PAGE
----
And if you can turn it off then everyone gets what they want.

    MS gets a little security on their malware plagued OS. And everyone else can just shut it off.

  • crazy stuff (Score:4, Insightful)

    by l3v1 (787564) on Friday June 22, 2012 @09:16AM (#40410377)
    I have multipl issues wih this whole uefi secureboot shebang.

    How can it happen that one company (however large) can seemingly make most of the manufacturers to comply with their crazy ideas? The option to easily disable uefi secureboot _should_ be there on every and each motherboard (desktop, server or laptop). It should not be the manufacturer (and indirectly Microsoft) who decides what kernel and drivers (regardless f the operating system) a user or developer uses. How would anyone make custom kernels and/or modules (Linux) and/or drivers (e.g. Windows) if signing everything through a 3rd party signing service would be required every time? This is crazy.

    Second, I don't like where Fedora/RH and Ubuntu are going with this. Aligning with MS on this issue is definitely not the right way to go and most people start to see this. Yet, nobody seems to want to find a way out, most seem to even have stopped protesting, or asking for mandatory secureboot disable options. There are not only 2 distros out there, there are a lot more of them, and most of them will not go along with MS-signing kernels and drivers. Also, if Ubuntu goes for a secureboot lockdown scheme, they might be good from the enterprise side, moving away from the average users, and that just might be what they want to do.

    Some still say this whole thing is a non-issue and too much fuss about nothing, but if it were so, then please, for crying out loud, why is there so much smoke around about the planned existance or non-existance of a secureboot disable option? If manufacturers would just say disabling will be there always, this whole issue would just go away.

    The biggest problem still is that most average users can't see the point in all this, simply don't care, thus unwillingly participating in making it worse for those, who do.
    • Because despite what the Libertarians, deluded Linux fans and Microsoft apologists will tell you, Microsoft do have a monopoly in this area. There are no realistic alternatives, otherwise there would have been a mass exodus a long time ago, especially in the corporate sector.

      • otherwise there would have been a mass exodus a long time ago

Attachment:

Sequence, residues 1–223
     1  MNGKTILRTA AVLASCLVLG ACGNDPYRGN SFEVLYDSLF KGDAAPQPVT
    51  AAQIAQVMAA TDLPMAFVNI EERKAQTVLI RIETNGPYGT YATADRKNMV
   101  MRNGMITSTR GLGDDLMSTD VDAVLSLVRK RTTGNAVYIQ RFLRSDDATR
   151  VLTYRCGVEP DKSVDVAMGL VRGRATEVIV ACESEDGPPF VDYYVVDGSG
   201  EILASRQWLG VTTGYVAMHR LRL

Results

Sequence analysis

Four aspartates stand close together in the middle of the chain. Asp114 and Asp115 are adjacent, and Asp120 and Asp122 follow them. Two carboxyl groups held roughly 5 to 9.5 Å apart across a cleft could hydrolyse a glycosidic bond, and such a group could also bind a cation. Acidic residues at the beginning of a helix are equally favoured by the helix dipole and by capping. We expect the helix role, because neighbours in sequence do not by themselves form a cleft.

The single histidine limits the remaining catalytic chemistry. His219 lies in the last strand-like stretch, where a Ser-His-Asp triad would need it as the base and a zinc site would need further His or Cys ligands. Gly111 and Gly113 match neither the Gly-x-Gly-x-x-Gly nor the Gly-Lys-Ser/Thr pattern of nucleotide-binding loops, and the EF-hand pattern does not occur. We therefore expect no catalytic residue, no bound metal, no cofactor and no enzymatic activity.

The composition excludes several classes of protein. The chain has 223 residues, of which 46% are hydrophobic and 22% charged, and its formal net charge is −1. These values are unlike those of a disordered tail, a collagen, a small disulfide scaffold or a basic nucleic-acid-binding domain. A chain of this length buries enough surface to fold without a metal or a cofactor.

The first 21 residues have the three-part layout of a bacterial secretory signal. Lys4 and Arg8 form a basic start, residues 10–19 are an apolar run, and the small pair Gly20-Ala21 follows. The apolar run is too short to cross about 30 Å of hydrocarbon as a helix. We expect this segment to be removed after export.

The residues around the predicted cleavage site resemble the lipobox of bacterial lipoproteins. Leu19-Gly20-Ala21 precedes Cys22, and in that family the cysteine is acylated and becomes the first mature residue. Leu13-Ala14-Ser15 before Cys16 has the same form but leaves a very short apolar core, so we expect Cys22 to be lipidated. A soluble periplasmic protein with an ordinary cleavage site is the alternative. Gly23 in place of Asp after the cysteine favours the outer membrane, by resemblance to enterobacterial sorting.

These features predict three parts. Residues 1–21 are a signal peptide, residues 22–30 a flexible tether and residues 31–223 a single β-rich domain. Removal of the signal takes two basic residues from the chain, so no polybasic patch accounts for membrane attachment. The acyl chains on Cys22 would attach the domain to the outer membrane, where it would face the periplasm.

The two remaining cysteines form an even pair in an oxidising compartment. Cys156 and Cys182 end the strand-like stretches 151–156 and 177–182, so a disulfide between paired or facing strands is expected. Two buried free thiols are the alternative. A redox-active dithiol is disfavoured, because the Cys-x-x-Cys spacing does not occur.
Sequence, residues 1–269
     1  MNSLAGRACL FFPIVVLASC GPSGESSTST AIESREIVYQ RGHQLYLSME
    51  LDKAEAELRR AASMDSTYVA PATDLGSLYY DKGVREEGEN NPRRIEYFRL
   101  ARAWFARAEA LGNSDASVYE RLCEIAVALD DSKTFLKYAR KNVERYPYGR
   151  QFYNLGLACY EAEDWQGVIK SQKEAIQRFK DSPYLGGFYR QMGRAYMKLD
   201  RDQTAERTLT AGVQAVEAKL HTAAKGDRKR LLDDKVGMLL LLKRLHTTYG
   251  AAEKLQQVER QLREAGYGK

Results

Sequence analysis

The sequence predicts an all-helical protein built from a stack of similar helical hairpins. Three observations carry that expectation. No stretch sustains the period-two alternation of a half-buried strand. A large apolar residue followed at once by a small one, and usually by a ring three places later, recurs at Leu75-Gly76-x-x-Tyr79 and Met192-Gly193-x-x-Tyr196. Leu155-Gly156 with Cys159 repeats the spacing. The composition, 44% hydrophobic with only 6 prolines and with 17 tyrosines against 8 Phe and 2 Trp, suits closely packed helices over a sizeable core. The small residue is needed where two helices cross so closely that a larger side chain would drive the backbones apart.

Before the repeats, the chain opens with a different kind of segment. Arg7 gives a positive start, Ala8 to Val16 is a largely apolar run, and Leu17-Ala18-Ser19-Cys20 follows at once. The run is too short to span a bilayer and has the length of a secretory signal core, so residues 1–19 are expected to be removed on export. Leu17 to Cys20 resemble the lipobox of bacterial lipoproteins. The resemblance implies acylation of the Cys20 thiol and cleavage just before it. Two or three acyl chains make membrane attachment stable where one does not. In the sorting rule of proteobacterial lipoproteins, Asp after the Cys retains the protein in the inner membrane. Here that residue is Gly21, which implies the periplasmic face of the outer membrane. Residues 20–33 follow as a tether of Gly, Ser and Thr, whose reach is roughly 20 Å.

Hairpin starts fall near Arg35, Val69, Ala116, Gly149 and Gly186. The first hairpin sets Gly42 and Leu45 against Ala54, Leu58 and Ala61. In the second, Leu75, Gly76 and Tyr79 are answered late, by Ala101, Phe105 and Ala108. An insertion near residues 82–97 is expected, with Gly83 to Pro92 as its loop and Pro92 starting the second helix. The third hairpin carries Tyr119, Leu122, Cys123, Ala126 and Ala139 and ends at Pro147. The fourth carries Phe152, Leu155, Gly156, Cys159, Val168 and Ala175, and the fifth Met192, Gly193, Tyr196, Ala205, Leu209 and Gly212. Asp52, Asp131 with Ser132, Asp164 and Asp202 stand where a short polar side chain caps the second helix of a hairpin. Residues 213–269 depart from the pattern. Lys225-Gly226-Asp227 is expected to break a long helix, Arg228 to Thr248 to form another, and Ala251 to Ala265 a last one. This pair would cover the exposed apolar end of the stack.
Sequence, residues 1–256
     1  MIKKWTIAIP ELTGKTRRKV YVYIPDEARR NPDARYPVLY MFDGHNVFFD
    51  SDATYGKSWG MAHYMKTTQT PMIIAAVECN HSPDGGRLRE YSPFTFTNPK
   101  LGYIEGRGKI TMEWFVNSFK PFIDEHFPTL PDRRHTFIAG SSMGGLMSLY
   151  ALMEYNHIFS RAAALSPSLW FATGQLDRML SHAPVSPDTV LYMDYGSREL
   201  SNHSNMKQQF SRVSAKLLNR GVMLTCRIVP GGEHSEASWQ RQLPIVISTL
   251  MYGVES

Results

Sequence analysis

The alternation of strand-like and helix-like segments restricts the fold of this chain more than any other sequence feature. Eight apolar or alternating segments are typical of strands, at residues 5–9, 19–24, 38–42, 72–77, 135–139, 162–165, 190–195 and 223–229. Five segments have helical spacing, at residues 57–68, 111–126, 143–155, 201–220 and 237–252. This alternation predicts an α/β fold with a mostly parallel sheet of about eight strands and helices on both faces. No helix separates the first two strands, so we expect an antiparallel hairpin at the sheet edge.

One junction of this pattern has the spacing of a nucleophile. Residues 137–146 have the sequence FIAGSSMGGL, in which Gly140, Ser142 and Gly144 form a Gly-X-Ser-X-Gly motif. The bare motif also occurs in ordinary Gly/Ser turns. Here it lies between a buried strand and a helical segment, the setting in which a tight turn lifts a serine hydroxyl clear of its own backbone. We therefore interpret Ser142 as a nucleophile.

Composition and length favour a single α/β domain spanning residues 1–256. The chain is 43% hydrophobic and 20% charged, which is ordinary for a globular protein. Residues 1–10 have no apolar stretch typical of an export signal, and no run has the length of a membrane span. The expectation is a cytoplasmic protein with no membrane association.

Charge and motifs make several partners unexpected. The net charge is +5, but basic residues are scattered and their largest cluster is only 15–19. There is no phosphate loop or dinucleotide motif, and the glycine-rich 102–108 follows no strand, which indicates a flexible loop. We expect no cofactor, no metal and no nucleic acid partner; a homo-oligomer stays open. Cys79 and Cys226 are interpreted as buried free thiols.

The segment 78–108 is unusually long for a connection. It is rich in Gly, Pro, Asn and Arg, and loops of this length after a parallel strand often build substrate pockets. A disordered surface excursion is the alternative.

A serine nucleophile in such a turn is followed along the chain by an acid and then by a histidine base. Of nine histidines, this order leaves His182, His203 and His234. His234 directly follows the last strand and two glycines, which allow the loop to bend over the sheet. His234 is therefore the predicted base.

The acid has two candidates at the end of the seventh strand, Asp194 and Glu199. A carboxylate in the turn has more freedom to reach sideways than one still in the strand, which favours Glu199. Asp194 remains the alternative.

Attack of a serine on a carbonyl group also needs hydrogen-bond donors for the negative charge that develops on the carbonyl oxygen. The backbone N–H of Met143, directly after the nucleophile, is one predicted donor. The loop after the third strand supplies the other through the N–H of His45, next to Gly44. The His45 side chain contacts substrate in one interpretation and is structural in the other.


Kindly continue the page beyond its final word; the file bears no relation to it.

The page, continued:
Oh, but there was a mass exodus away from Windows. Native applications have fallen prey to browser interfaces for server applications. That most of the machines are still running Windows is incidental, even if it superficially benefits Microsoft and explicitly benefits Windows desktop specialists.

    • by dkleinsc (563838)

      How can it happen that one company (however large) can seemingly make most of the manufacturers to comply with their crazy ideas?

      Like this: "Our operating system will only run on machines with this idea implemented. We've told all your major customers this, and we've made it clear that we will only sell operating systems to them if they only buy equipment that can handle this. You sure wouldn't want to lose 95% of your customer base." If their market share was 5% rather than 95%, they couldn't pull that off.

  • by Anonymous Coward on Friday June 22, 2012 @09:19AM (#40410403)

    Seriously... I read the article the FIRST time this UEFI news was posted from http://mjg59.dreamwidth.org/12368.html [dreamwidth.org], when it was regarding Red Hat, and the edit was already made back then. The money does not go to Microsoft! Why are people still saying this?
    It is very misleading to write "Similar to Red Hat paying Microsoft to get past UEFI restrictions" when it is really not the truth.

    "Microsoft will be offering signing services through their sysdev portal. It's not entirely free (there's a one-off $99 fee to gain access edit: The $99 goes to Verisign, not Microsoft - further edit: once paid you can sign as many binaries as you want)"

    my bias: I have Linux on all of my systems, no MS OS around here. Please, stop the inaccuracies and write what is true.

  • by aglider (2435074) on Friday June 22, 2012 @09:21AM (#40410427) Homepage

    I want to boot whatever software I want, not what you gracely will allow me.
    Hardware is MINE, not yours!

  • by hey_popey (1285712) on Friday June 22, 2012 @09:22AM (#40410441)
    Couldn't the buyer of an OEM PC with Windows just flash their UEFI with one allowing disabling the Secure Boot?
    This would add just one step to the alternative OS setup!